Nearly 10 years ago, thencity librarian Liz Stroup declared a glorious-sounding official mission for the Seattle Public Library: to become "the best public library in the world." Well, the results are in—the first attempt to assemble quantified ratings and rankings of all America's public libraries. And guess what? According to the American Public Library Rating Index, the best public library in the world isn't even in the top quarter of US libraries serving 100,000 people or more.
The index is the creation of Tom Hennen, Racine, Wisconsin's chief librarian, who crunched the data sent by 7,128 public libraries to the US Department of Education. (Nearly 2,000 more systems, including King County's, didn't send enough data to be tabulated.) Since his report ran in January's American Libraries magazine, Hennen has been so busy fielding calls from shocked, flattered, and outraged librarians, he can barely keep up with his day job. He based his ratings on 15 indicators of library usage and resources, giving the most weight to how much cities spend on their libraries relative to population, how many people visit them, and their costs relative to the number of items checked out. The Seattle Public Library earned 607 out of 1,000 possible points, put-ting it in the 69th percentile among larger library systems—about the same as San Francisco and Albuquerque, better than Phoenix and San Diego, worse than Denver and Minneapolis.
Alan Deright, a famously dogged civic watchdog, happens to come from the city with the second-highest-rated library, Shawnee Mission, Kansas. Last week he scolded SPL's library board and managers for SPL's ranking; he thinks they have no business spending $235 million on new and renovated buildings (as they're about to do) when their performance is so disappointing.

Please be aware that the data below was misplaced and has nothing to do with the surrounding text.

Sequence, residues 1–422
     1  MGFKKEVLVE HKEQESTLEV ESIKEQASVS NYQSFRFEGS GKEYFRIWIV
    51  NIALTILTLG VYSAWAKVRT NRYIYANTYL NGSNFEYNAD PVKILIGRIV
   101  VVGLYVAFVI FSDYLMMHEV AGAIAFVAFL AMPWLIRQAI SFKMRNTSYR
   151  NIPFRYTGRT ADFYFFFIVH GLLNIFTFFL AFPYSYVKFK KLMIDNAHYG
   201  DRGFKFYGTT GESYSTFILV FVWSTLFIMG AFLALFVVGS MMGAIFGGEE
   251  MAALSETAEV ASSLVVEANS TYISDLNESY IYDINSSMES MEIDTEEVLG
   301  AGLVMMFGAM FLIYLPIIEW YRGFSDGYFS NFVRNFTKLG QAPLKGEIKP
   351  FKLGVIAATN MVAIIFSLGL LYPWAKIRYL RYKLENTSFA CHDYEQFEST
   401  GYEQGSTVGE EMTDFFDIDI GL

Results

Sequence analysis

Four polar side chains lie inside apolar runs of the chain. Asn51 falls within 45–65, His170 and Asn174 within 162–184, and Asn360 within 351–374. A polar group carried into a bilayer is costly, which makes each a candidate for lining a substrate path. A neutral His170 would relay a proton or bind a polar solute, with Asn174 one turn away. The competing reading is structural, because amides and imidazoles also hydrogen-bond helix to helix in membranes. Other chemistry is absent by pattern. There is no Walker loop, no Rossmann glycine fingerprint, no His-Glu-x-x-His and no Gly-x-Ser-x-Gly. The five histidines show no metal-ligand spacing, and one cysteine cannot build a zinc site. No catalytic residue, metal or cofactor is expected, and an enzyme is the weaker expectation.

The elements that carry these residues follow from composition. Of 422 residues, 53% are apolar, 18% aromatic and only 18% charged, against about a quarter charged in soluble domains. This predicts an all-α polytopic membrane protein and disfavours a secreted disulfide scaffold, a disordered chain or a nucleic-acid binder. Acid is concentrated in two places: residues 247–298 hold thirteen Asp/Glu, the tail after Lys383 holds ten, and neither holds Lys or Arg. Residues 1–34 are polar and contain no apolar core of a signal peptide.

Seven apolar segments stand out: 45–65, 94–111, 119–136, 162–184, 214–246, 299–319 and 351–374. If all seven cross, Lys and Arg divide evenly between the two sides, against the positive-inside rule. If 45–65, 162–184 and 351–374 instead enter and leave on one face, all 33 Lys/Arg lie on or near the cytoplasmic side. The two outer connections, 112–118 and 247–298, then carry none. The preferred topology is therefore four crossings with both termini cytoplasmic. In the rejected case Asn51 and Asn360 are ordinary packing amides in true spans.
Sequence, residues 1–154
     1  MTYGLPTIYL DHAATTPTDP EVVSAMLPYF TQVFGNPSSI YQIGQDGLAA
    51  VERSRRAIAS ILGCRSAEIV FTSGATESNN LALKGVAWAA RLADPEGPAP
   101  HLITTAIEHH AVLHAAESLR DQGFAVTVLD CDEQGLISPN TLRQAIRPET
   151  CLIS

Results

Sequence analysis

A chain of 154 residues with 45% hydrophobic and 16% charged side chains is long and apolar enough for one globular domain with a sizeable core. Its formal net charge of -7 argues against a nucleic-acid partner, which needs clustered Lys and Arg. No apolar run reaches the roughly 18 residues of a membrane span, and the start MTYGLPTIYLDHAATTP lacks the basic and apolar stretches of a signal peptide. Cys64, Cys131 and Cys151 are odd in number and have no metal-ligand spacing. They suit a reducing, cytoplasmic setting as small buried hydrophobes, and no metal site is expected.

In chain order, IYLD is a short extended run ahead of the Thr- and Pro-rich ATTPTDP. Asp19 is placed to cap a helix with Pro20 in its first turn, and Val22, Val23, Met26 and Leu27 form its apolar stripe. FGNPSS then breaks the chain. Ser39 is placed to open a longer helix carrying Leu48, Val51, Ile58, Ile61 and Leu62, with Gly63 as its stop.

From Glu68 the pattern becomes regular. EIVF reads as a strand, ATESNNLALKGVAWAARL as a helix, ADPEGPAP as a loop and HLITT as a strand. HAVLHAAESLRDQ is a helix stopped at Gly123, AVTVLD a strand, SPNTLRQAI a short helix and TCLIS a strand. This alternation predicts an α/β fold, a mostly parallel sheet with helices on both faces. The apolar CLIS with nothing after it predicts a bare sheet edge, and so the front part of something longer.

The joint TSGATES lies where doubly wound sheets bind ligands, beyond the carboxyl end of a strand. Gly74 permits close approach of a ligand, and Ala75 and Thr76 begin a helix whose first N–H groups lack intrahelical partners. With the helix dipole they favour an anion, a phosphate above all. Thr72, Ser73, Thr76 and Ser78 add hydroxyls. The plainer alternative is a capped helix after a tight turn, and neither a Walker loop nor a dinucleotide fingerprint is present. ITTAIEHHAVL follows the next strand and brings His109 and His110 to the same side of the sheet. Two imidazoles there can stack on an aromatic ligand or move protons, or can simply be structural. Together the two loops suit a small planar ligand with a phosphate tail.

But that ranking should be taken with a few caveats. Hennen himself notes that his evaluations don't consider two important criteria: how much library space cities have, and what Internet and other technologies they make available. There, Seattle's tech-friendly library might score well.
For her part, city librarian Deborah Jacobs says the index short-changes Seattle on one criterion, foot traffic, because until recently SPL only counted visitors to its downtown library, not the branches. And she argues that another criterion, "collection turnover," reflects better on libraries that offer a narrow range of "popular materials," which circulate more. "We're a research library," she explains (a marked, and welcome, contrast to the views of past SPL managers, who disavowed and undermined its research mission). "We don't weed [our collection]." That means Seattle keeps many hard-to-find books that are used less frequently but are all the more valuable to those who do use them.
Hennen's library ratings can be found at www.haplr-index.com.
What's in an acronym?
Besides SPL, Seattle has the SPD (Seattle Police Department) and SPU—whoops, two SPUs. Seattle Pacific University, which dates back to 1977, is the original SPU. But two years ago the city's water and solid-waste departments merged to form Seattle Public Utilities—which, sure enough, calls itself "SPU" on bills and mailings, though not on its logo. University staff recently got a puzzled call from someone wondering why it had sent him a utility bill. SPUniversity spokesman John Glance says this was an isolated complaint and sees no "big concern" in SPUtility using the same acronym in "a secondary way": "We hope we can coexist in our particular fields."
But SPUtility plans a big PR drive to build what its spokesman J. Paul Blake calls "greater visibility." Blake says the utility won't emphasize "SPU" in that campaign, but more confusion seems inevitable. If the city really wants to prevent that, it could call its utility "Spew."
The Seattle Times
Hennen's library ratings can be found at www.haplr-index.com.
Library index at www.lib.washington.edu/specialcoll